Stress-inducing structures (also referred to as strain-inducing structures or stressors) have been formed in source/drain regions of transistors to create enhanced mobility devices sometimes referred to as strained silicon devices. Unfortunately, when a stress-inducing source/drain (SISD) structure is subsequently doped with an impurity to form source/drain regions, the stress characteristics of the transistor may change. Specifically, introduction of even moderate levels of source/drain impurities into a stress-inducing source/drain structure may relax the stress associated with the structure. Stress relaxation undesirably reduces the carrier mobility benefits of SISD structures. Accordingly, it would be desirable to implement a process and transistor that permitted the introduction of a source/drain impurity into a SISD without sacrificing the stress characteristics of the SISD. It would be further desirable if the implemented process were suitable for both NMOS and PMOS devices. It would be still further desirable if the implemented process were easily integrated into conventional processing technologies.
The present invention is illustrated by way of example and not limited by the accompanying figures, in which like references indicate similar elements, and in which:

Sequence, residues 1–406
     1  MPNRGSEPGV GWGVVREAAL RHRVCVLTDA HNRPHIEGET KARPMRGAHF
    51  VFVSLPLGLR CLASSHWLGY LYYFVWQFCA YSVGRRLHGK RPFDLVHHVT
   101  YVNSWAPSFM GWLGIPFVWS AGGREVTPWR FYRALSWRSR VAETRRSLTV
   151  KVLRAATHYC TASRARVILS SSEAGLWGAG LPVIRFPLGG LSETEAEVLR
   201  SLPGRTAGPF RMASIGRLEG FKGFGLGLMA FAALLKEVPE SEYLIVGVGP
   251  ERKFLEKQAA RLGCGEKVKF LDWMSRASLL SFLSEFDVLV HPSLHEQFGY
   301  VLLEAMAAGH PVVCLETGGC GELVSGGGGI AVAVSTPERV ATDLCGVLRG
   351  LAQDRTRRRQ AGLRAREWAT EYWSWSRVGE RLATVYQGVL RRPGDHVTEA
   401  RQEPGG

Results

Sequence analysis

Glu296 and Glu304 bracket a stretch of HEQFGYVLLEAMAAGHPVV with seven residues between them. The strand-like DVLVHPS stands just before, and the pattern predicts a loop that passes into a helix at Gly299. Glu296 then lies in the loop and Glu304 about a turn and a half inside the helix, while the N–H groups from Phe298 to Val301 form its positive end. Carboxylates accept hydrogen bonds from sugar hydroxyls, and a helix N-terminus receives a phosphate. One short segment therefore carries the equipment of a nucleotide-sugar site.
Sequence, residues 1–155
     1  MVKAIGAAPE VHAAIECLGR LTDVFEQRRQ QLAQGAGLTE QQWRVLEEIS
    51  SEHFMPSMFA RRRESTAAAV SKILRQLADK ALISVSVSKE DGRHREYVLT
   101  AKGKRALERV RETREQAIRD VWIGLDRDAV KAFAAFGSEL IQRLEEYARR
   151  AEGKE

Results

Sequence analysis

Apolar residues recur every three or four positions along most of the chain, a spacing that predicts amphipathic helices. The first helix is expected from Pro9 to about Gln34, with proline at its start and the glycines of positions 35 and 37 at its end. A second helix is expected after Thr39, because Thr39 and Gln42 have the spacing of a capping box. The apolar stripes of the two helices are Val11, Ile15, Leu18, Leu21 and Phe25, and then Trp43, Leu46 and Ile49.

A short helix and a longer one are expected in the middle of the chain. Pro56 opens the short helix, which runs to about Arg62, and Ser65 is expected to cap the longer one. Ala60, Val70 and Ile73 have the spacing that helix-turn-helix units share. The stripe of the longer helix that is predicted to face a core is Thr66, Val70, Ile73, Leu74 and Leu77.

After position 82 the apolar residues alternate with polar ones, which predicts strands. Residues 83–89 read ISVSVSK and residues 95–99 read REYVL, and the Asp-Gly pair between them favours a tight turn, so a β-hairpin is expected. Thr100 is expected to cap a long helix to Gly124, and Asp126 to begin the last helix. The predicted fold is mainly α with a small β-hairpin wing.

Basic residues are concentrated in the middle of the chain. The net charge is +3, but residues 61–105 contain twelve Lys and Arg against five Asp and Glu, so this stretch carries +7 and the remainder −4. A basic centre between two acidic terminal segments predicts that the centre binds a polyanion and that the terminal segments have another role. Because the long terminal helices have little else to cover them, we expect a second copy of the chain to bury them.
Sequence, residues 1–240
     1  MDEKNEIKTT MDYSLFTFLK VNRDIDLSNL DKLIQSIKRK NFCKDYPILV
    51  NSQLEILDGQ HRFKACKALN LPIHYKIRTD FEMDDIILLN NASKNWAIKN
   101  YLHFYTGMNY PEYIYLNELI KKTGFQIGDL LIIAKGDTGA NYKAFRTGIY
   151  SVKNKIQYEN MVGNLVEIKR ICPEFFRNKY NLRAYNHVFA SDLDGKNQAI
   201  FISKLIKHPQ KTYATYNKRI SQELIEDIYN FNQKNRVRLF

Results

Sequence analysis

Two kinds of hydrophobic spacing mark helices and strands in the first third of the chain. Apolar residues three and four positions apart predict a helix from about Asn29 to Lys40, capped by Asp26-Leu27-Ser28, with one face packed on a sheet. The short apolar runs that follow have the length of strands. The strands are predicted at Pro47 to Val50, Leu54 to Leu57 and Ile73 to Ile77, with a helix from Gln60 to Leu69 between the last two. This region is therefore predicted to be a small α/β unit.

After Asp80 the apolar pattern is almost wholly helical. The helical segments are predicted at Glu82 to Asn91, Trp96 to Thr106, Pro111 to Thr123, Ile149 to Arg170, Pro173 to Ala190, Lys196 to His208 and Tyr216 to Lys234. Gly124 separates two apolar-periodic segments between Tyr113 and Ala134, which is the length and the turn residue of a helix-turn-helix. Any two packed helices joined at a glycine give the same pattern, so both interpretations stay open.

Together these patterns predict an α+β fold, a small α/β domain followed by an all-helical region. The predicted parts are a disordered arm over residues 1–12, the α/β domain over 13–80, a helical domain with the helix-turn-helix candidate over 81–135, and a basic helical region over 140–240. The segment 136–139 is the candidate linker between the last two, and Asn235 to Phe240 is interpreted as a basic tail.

Skilled artisans appreciate that elements in the figures are illustrated for simplicity and clarity and have not necessarily been drawn to scale. For example, the dimensions of some of the elements in the figures may be exaggerated relative to other elements to help improve the understanding of the embodiments of the present invention.
Generally speaking, the present invention encompasses a semiconductor fabrication process in which stress-inducing source/drain (SISD) structures are formed using a multiple phase formation process. The SISD structures are semiconductor structures having a lattice constant that differs from a lattice constant of the semiconductor substrate in which the source/drain structures are recessed. The SISD structures preferably include semiconductor compound having a first element (e.g., silicon) and a second element (e.g., germanium, carbon, et al.). The percentage of the second element varies from the upper surface of the source/drain structure to a lower surface of the SISD structure.
In one embodiment, the SISD structure includes a first layer having the lowest percentage of the second element and a second layer overlying the first layer. The percentage of the second element in the second layer is greater than the percentage in the first layer. In addition, the second layer may further include a p-type or n-type impurity that may be introduced in situ during formation of the SISD structure. The increased percentage of the second element in the second layer counters stress relaxation resulting from the impurity. The SISD structure may further include a third layer overlying the second layer where the percentage of the second element in the third layer exceeds the percentage of the second element in the second layer. In this embodiment, the relatively high percentage of the second element in the third layer reduces the resistance of subsequently formed contact structures.
Referring now to the drawings,